But it didn’t seem complicated, not at that moment. I was happy to share this kind of closeness with someone I cared about, and happy to go home to someone else that I cared about, too.
When I came home that night, R’s face said it all: They weren’t ready for this.
The look in R’s eyes convinced me that the world was going to end. I prepared myself for the worst, wondering how I would break it to everyone that our wedding was no longer happening. I went to bed that night uncertain of everything.
But I woke up to a partner who wanted to talk through things, who wanted to establish new boundaries and explore our feelings about what happened. A partner who listened when I talked about my feelings, a partner who supported me even when we were both hurting.
Our complete and total trust in each other assured me that the kiss I’d shared with someone else hadn’t broken our relationship. I had never felt more grateful to have R in my life.
Two weeks after the kiss, and three years after we first got together, we tied the knot – happily, eagerly, exchanging vows and dancing the night away.
The thing about relationships is that they’re always messy. And there are risks involved any time you hand your heart to someone else and say, “Here, do with it what you will.” Even though I may never have complete and total romantic freedom, and R may never have the complete and total commitment that is desired, we’re happy to meet each other somewhere in the middle.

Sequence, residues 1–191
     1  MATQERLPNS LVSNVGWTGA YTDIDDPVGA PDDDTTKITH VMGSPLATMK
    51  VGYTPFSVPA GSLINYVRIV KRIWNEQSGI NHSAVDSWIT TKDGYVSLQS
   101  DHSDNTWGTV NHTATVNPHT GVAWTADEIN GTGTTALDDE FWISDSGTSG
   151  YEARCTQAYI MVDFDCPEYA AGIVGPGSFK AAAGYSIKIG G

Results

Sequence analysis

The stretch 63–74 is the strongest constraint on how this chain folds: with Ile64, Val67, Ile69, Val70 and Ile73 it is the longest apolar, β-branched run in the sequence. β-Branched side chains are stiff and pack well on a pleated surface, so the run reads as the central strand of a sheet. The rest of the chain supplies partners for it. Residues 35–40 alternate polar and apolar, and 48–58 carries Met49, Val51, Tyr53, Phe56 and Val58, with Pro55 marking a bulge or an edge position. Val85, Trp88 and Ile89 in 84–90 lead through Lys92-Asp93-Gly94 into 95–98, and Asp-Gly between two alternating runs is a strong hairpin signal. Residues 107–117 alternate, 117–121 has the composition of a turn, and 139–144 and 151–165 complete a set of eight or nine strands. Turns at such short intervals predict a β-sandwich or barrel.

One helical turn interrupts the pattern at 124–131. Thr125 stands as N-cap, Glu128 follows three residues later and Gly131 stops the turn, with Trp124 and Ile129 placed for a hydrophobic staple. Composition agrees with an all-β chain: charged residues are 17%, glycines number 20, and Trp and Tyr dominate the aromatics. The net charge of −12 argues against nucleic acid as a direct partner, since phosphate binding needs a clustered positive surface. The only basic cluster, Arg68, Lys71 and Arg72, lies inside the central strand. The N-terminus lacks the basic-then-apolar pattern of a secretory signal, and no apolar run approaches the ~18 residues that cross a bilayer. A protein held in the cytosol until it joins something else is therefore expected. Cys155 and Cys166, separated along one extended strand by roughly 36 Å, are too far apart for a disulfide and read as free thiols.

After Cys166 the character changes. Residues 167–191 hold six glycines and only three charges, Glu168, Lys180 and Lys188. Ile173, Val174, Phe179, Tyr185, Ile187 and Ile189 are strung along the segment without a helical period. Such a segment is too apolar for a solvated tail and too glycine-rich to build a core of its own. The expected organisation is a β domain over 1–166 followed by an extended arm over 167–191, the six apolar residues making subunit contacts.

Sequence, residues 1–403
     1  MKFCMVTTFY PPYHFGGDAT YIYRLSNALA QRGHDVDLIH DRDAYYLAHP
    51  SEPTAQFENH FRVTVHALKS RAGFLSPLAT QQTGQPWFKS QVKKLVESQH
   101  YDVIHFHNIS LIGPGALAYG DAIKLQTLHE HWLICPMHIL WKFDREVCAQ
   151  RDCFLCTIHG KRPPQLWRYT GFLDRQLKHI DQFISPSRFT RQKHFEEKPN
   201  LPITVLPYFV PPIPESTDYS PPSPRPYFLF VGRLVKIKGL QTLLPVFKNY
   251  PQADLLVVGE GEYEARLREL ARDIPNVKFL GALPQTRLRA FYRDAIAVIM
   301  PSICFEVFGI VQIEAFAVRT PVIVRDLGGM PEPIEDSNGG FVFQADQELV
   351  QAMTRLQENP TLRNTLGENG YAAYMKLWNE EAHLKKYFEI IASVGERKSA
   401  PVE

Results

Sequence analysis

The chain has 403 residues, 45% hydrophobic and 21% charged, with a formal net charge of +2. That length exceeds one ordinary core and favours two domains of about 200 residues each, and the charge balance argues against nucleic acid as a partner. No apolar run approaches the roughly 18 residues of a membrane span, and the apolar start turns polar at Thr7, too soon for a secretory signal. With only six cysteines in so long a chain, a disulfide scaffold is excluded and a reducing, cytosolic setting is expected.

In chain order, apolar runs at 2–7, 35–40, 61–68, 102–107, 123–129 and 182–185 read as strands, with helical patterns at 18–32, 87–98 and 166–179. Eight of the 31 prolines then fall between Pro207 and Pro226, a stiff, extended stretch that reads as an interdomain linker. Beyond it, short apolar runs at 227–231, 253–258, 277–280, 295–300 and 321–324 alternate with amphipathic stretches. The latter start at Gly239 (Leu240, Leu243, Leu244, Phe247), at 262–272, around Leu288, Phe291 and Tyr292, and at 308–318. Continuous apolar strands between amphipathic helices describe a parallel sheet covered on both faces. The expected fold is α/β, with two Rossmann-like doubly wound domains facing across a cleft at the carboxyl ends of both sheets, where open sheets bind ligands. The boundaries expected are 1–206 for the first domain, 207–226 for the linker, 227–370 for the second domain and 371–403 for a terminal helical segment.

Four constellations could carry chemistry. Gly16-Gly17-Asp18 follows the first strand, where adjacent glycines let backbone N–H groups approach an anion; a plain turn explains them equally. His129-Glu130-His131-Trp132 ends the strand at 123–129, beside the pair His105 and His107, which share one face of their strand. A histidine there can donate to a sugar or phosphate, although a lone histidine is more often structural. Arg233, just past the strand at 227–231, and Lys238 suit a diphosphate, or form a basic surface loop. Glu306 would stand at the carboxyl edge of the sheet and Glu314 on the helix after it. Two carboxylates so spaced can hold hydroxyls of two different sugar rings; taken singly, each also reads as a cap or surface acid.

It might seem absurd to the rest of the world – how could a poly person and a monogamous person ever commit their lives to one another? But for us, this exercise in defining our boundaries and exploring our comfort zones has only solidified our love and trust in each other.
I think coming out as poly, though it was a terrifying thing to do, was also the best thing that may have happened for us. It forced us to be straightforward about our desires and our needs; it opened up the conversation and encouraged us to trust each other, to make ourselves vulnerable, to be honest even when it’s scary – especially when it’s scary.
For now, we’re just enjoying our life together and figuring it out as we go along. As long as we’re happy, the labels seem less important. Polyamorous, monogamous, polyflexible, monogamish, whatever – the most important thing is that it works for us.